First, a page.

40

Set to Flash with ring flash; use Preset without ring flash
Set to 200320 with ring flash; use Auto ISO without ring flash
A minimum of 1/125 per second reduces blurriness from camera
shake; remotes are also helpful
Set to Fine (use RAW when editing white balance)
Depends on use (eg, larger files for publication, smaller for patient
education)
Set to Matrix or Spot Metering

learning how to position the microscope at higher magnifications,


because it is only above 5 magnification that images from the microscope exceed those achievable with
standard digital cameras. The clinician must understand the basic settings of his or her system (Tables 1
and 2) as well as the basics of image
editing. Many clinicians simply wish
to capture a few images and not
worry about editing, and that too is
fine as long as suboptimal photographs are acceptable. Currently, the
two most common systems revolve
around high-definition consumer
handheld video cameras to produce

excellent video and decent stills.


Such systems (see Fig 13) appeal
to those looking for simplicity at a
reasonable expense while optimizing the ability of the video cameras to
work in reduced light with a higher
depth of field. These cameras do not
work as well for still photographs
(color rendition and sharpness) as a
dedicated SLR camera with a flash
system, but are ideal for many
endodontists looking for a lightweight
system to attach to the microscope.
Although smaller and lighter-weight
surgical-grade high-definition video
cameras are available from several
manufacturers that can take decent

THE INTERNATIONAL JOURNAL OF MICRODENTISTRY

2009 BY QUINTESSENCE PUBLISHING CO, INC. PRINTING OF THIS DOCUMENT IS RESTRICTED TO PERSONAL USE ONLY. NO PART OF THIS ARTICLE
MAY BE REPRODUCED OR TRANSMITTED IN ANY FORM WITHOUT WRITTEN PERMISSION FROM THE PUBLISHER.

30_vanAs

12/8/09

3:59 PM

Page 41

van As

still images, their cost as of now is


still significant when compared to
the larger consumer-grade video
cameras. For a restorative dentist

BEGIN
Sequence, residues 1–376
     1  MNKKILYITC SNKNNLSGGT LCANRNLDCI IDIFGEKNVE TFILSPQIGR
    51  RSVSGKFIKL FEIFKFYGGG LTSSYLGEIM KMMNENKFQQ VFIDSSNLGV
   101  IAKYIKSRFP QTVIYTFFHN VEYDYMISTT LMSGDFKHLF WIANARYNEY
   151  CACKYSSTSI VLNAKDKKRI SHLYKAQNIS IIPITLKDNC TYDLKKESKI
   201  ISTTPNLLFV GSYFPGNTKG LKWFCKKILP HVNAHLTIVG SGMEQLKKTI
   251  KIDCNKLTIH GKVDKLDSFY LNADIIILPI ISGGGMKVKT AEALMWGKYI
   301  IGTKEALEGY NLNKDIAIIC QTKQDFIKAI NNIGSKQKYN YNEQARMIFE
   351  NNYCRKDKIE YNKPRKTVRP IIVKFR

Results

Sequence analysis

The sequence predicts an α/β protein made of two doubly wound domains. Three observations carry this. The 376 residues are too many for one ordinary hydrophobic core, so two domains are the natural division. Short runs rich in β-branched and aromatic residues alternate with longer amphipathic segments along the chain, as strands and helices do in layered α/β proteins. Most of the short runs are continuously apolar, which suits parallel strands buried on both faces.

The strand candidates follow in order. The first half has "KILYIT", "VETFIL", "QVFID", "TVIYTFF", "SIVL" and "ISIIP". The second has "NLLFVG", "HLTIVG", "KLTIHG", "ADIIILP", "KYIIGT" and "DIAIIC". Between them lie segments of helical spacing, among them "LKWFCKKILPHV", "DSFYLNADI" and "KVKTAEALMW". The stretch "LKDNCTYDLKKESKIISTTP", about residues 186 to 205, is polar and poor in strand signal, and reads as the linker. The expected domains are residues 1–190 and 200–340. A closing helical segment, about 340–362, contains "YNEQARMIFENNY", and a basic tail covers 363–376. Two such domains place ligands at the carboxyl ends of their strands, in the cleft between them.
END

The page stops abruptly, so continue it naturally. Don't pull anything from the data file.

who is experienced with SLR photography in dentistry and wants truer
colors in the red range and the ability
to capture small video clips, an SLR
camera (Nikon D90 or D5000, Canon
EOS Rebel T1i, or the more expensive Canon 5D Mark II) with a ring
flash will provide optimum still photographs (see Fig 2). These systems
are not as simple to operate as the

video cameras, but they offer images


that more closely resemble those
obtained from dedicated SLR cameras when not mounted on the
microscope. As these cameras
become more sophisticated with
higher ISO settings, the need for a
flash may become less of an issue.
In addition, as the convergence
between video and still photography
continues, there will come a time (if
it is not already here) when one camera will do both jobs very well.

CONCLUSIONS
The aim of this article was to give
microscope enthusiasts some information about the current state of
digital documentation using an operating microscope. The world of cameras is a rapidly changing onemost
camera cycles last 2 yearsso it is
important for the clinician to look for
a system that is current, since it may
soon be replaced by a newer and
faster model in this never-ending
upswing of technology.

REFERENCES
1. Ahmad I. Digital and Conventional Dental Photography: A Practical Clinical
Manual. Chicago: Quintessence, 2004.
2. Terry DA, Snow SR,
McLaren EA. Communicating digitally with the laboratory: Design, impressions,
shade, and the digital laboratory slip. Inside Dent
2009; April:6267.
3. van As GA. Digital documentation with the dental
operating microscope. Pract
Proced Aesthet Dent
2004;16 suppl:67.
4. van As GA. Digital documentation and the dental
operating microscope. Oral
Health J 2001;91:1925.

5. Carr GB. Microscope photography for the restorative


dentist. J Esthet Restor
Dent 2003;15:
417425.
6. Barrington CM. Intra-operatve digital photography
with the dental operating
microscope. Tex Dent J
2007;124;10501051.
7. Behle C. Photography and
the operating microscope in
dentistry. J Calif Dent Assoc
2001;29:765771.
8. van As GA, Napoletano DM.
The video-enabled dental
operating microscope
(VEDOM) with integrated
digital documentation capability (DDC): Luxury or
necessity? Dent Econ
2007;97:2231.

9. Houkin K, Kuroda S. Digital


recording in microsurgery.
Technical note. J Neurosurg
2000;92:176180.
10. Yanni DS, Beshara M, Ebersole K, Giannotta S, Schulder M. Digital photography
using the intraoperative
microscope in neurosurgery.
Surg Neurol 2009;72:
153156.
11. Snmez E, Akyrek M,
Safak T, Keik A. Easy
method of capturing microscopical images by using a
consumer-type digital camera. Ann Plast Surg 2003;
50:204206.
12. Mehrabian A. Silent Messages. Belmont, California:
Wadsworth, 1971.

13. Robinson PB, Lee JW. The


use of real time video magnification for the pre-clinical
teaching of crown preparations. Br Dent J
2001;190:506510.
14. Roth HL, Lora AN, Heilman
KM. Effects of monocular
viewing and eye dominance
on spatial attention. Brain
2002;125 (Pt 9):
20232035.

VOLUME 1

2009

2009 BY QUINTESSENCE PUBLISHING CO, INC. PRINTING OF THIS DOCUMENT IS RESTRICTED TO PERSONAL USE ONLY. NO PART OF THIS ARTICLE
MAY BE REPRODUCED OR TRANSMITTED IN ANY FORM WITHOUT WRITTEN PERMISSION FROM THE PUBLISHER.

41